Organizing your digital assets
Robert Powell wrote an article in the USA Today this past week that caught my eye. The title was “Do not leave grieving relatives searching for your passwords”. For much of the past year I have been dealing with a situation that dealt with this very subject.
My Uncle Joe was only nine years older than me. My mother’s much younger brother, Joe, celebrated with that side of my family the week after this past Christmas. A few days later, he quickly developed a severe respiratory illness. Staying at a hotel, he visited an Urgent Care Clinic twice, but would not let my mother visit. He did not want her to catch whatever he had.
Following the second doctor’s visit, he was sent to the Emergency Room where he was admitted and quarantined in the ICU. He had an infection of some type and quickly developed pneumonia. His oxygen levels dropped and within a few days the doctors gave my mother and sister one hour to visit him before he was being put on a ventilator.
During that one hour, he managed to give my sister the password to his computer, telling her the location of a file with all his passwords, bank accounts, credit cards, insurance, and other digital information.
Joe went on the ventilator for two weeks before his body gave out. He died on his 74th birthday, January 17th, 2020. We now believe, but will never truly know, that he was an early victim of COVID-19, as his illness demonstrated all the classic symptoms.
My sister passed the notes she had taken in that final hour to me. I began to unravel the financial life of my uncle, who had been single for 50 years. He had no children or even companion that would have known where to look without this mysterious file he had disclosed.
When I finally opened the file, I found over 50 accounts of various types. Some were meaningless, such as subscriptions to magazines or login information for websites. But others were a virtual treasure trove of information.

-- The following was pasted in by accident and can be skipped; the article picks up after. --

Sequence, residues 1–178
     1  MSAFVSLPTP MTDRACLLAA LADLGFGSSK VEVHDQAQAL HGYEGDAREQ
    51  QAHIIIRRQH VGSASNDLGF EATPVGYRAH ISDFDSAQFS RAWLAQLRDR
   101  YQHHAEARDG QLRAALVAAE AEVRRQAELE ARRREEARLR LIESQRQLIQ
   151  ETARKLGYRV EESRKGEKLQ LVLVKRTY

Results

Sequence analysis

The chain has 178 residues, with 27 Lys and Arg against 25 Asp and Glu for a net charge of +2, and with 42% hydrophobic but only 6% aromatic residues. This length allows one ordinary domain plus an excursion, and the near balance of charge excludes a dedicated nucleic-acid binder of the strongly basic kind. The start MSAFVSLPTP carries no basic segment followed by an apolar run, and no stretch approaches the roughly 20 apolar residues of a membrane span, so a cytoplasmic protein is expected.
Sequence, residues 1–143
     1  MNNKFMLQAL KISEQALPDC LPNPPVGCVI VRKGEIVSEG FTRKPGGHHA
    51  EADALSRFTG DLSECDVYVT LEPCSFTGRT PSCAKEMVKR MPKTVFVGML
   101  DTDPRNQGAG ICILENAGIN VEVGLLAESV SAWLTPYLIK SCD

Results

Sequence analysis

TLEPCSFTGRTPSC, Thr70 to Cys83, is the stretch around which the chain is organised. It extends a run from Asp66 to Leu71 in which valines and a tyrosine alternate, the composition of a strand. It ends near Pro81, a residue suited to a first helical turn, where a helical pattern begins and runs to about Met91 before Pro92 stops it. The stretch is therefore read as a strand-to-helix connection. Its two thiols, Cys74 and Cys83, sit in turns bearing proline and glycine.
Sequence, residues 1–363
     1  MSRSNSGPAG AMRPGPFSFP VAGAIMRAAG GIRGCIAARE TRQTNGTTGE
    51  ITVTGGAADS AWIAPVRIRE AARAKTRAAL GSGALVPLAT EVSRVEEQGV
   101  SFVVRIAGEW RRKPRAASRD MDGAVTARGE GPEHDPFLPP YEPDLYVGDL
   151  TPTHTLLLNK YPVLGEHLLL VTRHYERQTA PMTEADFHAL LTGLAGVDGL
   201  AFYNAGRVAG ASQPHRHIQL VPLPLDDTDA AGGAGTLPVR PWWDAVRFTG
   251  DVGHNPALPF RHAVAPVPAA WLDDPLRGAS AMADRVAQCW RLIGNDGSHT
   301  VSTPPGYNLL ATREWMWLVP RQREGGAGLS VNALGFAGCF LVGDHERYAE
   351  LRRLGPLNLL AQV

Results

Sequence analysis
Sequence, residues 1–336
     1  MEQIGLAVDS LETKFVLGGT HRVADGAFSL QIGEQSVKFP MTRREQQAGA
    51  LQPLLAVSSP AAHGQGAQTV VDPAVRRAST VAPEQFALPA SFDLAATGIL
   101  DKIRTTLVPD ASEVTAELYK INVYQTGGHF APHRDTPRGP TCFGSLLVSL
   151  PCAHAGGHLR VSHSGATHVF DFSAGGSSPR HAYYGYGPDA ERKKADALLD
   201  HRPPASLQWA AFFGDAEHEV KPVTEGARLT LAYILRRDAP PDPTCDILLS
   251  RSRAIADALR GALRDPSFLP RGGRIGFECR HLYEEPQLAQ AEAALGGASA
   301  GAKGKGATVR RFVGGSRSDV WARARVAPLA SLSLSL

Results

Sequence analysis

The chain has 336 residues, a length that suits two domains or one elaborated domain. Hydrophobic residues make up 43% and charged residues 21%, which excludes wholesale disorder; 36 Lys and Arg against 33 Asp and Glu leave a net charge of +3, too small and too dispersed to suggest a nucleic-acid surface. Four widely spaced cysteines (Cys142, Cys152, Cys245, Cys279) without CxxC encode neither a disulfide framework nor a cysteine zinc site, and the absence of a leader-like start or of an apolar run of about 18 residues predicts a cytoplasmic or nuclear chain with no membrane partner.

Joe left no will. I now believe that without the last minute disclosure of the file we would never have been able to determine his assets, the location of his storage buildings, his bank accounts, or many other things that are necessary to put a deceased person’s final estate in order.
This past week, I received a check from Regions Bank for the final sum left in one of his bank accounts. Even with the login information and passwords, it took 11 months to close out that account. Had my uncle left a will, it would have been handled in six weeks.
More than ever, I now realize that the final gift you can leave your family is one of the most important. Have your digital life accessible to your designated executor. If you do not have a will, get one because it can make a difference even in a small estate.
These digital assets, IDs, and passwords should also include the login accounts for your social media accounts. It is incredibly difficult to terminate a Facebook account after someone dies without the credentials.
It is good to use a password tool, such as Dashlane or LastPass. However, if hesitant to do so, make a list of every account, ID, and password, along with a description. Make sure someone you trust has access to that information.
During the past year, I have discovered my uncle had a joint account with my grandfather, who died in 1999. We had to get certified copies of his death certificate and Letters of Administration to gain access to that money.
I also discovered the location of two storage buildings he had that had boating equipment, extensive tools, and a sextant that I just found out may be worth up to $1,600. I would never have known they existed without his last hour clues about where to find the information.
It is ironic that one the best gifts my uncle gave his heirs was done just minutes before he went on a ventilator. An incredibly detailed spreadsheet made sure his personal possessions and other items of value made their way into his family’s hands and were not lost forever.
Check out the USA Today article for more suggestions. In the meantime, write your information down and leave it with someone you trust. Get a will, if you do not have one, even a simple one. The alternative can lead to even more heartache for those you love.
Dan Ponder can be reached at firstname.lastname@example.org